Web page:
I’ve seen a lot of Chekhov. I mean, a lot. Last year, I marvelled at Uncle Vanya at the Almeida and spent a day with the National Theatre’s Young Chekhov trilogy. I can almost sing along with the Three Sisters and Cherry Orchard, even bits of Ivanov. The characters’ disconsolate eccentricity is a wardrobe I recognise; their world on the shift feels familiar.
So it’s good to remember that Chekhov isn’t the only Russian on the bookshelf. I’ve enjoyed Ostrovsky’s sly comedies and bittersweet Turgenev. But Maxim Gorky, just six years younger than Chekhov, is a fascinating complementary figure. It’s exciting that London’s Arcola Theatre will pair The Lower Depths with The Cherry Orchard: two panoramic views of changing times.
The Lower Depths (1902) was Gorky’s first stage hit, but I’ve gone to the end of his career for the brawling family drama Egor Bulychev from 1932 (smartly translated by Cathy Porter), part of a projected trilogy following turbulent Russian history from the revolution into the 1930s. Gorky’s later plays were ensemble plays clustered around a tyrannical lynchpin – Vassa, with its remorseless matriarch, is the best known, but others have bombastic fathers at their centre. These domestic tyrants symbolise a stultifying bourgeoisie, but we also see how they have cowed or alienated their children, bred conniving, spineless heirs, attracted a swarm of shysters around their business empires. Egor Bulychev is set during 1917, with revolution around the corner – Gorky shows why it might have been necessary.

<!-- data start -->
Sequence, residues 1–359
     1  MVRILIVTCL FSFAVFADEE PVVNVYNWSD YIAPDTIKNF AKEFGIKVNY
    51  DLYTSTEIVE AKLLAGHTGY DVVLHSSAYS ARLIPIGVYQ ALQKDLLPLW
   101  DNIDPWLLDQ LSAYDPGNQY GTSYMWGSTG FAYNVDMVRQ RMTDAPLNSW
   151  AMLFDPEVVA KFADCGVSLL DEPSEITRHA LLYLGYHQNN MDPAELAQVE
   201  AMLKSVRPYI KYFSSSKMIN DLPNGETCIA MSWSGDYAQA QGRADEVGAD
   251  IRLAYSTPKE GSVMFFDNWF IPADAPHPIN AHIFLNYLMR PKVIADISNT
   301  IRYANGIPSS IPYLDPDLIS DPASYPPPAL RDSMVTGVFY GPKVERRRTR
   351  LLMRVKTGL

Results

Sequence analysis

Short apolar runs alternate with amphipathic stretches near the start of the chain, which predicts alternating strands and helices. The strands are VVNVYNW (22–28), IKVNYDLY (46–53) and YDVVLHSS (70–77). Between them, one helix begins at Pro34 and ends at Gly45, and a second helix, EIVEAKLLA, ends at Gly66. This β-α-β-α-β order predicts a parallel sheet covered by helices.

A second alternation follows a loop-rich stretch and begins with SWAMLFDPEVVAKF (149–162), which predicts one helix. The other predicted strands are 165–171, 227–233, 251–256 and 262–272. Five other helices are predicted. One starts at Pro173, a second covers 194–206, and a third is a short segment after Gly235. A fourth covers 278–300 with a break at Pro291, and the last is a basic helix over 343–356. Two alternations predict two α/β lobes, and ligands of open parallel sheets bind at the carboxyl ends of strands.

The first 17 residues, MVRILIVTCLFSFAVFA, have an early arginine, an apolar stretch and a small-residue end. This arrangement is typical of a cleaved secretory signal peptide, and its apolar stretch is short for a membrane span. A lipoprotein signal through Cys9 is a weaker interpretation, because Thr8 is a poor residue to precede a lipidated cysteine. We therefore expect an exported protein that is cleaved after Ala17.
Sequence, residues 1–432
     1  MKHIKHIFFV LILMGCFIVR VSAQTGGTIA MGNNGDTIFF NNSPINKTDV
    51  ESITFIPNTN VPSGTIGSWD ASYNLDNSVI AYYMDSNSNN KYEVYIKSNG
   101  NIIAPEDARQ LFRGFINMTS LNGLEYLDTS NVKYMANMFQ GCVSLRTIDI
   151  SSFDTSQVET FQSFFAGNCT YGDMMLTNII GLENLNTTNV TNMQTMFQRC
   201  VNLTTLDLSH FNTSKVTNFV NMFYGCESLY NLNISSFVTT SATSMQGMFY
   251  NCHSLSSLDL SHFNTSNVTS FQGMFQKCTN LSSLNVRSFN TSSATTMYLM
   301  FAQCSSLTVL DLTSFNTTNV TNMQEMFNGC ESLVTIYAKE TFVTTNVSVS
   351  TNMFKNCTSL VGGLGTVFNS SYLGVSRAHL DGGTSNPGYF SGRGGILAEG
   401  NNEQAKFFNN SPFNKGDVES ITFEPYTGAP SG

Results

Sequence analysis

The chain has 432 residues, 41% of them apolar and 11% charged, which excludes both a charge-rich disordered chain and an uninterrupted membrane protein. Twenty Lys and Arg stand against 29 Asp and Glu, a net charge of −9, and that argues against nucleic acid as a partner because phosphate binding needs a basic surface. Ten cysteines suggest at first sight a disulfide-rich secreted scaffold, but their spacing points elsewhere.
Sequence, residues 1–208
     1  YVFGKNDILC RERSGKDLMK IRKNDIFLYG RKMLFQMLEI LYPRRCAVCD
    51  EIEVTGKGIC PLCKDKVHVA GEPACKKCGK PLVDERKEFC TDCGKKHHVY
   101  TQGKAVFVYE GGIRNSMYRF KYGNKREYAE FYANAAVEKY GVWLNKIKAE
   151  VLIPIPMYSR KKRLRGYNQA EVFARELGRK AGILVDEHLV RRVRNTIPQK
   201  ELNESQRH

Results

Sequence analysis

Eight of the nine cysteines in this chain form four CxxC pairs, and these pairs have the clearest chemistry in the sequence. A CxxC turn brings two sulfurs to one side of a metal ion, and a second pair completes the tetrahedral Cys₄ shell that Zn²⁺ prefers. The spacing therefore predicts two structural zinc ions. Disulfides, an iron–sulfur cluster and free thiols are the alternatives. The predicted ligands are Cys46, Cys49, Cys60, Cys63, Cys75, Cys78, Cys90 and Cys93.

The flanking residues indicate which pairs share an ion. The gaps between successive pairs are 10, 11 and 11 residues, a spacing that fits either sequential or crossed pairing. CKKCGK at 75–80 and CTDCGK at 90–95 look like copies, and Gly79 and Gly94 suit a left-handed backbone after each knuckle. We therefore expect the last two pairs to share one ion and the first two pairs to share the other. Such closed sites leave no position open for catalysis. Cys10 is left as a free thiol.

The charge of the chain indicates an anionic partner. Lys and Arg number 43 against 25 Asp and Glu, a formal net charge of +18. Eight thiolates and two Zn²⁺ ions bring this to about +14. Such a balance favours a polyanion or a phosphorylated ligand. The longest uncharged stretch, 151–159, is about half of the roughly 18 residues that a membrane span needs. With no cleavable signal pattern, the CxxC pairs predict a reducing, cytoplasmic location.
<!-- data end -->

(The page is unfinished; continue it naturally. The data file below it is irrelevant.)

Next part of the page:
It’s a messy play – oodles of characters, shouting and sparring and scrapping for Bulychev’s inheritance before he’s even in his grave. His lawyer son-in-law has the smarts, his illegitimate daughter has the spark; there are also an abbess auntie, priests and business rivals, a trio of implausible faith healers who seek to heal Bulychev with dervish chanting and wind instruments. You imagine an overstuffed drawing room, and an overstuffed stage, as everyone piles on for a good bellow. The play ends with revolutionary songs bursting through the window and filling the room – the future is coming.
There’s a reason these plays don’t get as much airing as the Chekhovs. They seem noisier, messier, more closely mired in Soviet politics (Gorky went in and out of favour: his death in 1936 has often been regarded as suspicious). You can’t but read for hidden messages – are the bullying patriarchs, with toadies scurrying in their shadows, icons of an old regime or images of iron-fisted Stalin himself? Michael Walling’s 2015 student production sounds as up for an argument as the characters themselves. We need to see more of the plays in the west to catch the nuances, to gauge the full range of interpretation.
Sample stage direction ‘Propotei sits on the floor, droning and shrieking.’
Sample quote Bulychev: ‘Roubles are breeding like lice on soldiers and I’m not ready to die yet.’
12 Plays of Xmas
I have, surprise, a lot of books. And I have, surprise, not read them all. So, 12 unfamiliar plays, 12 posts: welcome to 12 Plays of Xmas.
Owners by Caryl Churchill
Birth by TW Robertson
Ruined by Lynn Nottage
The Roaring Girl by Middleton & Dekker
Alkestis by Euripides/Anne Carson
Pal Joey by O’Hara, Rodgers & Hart
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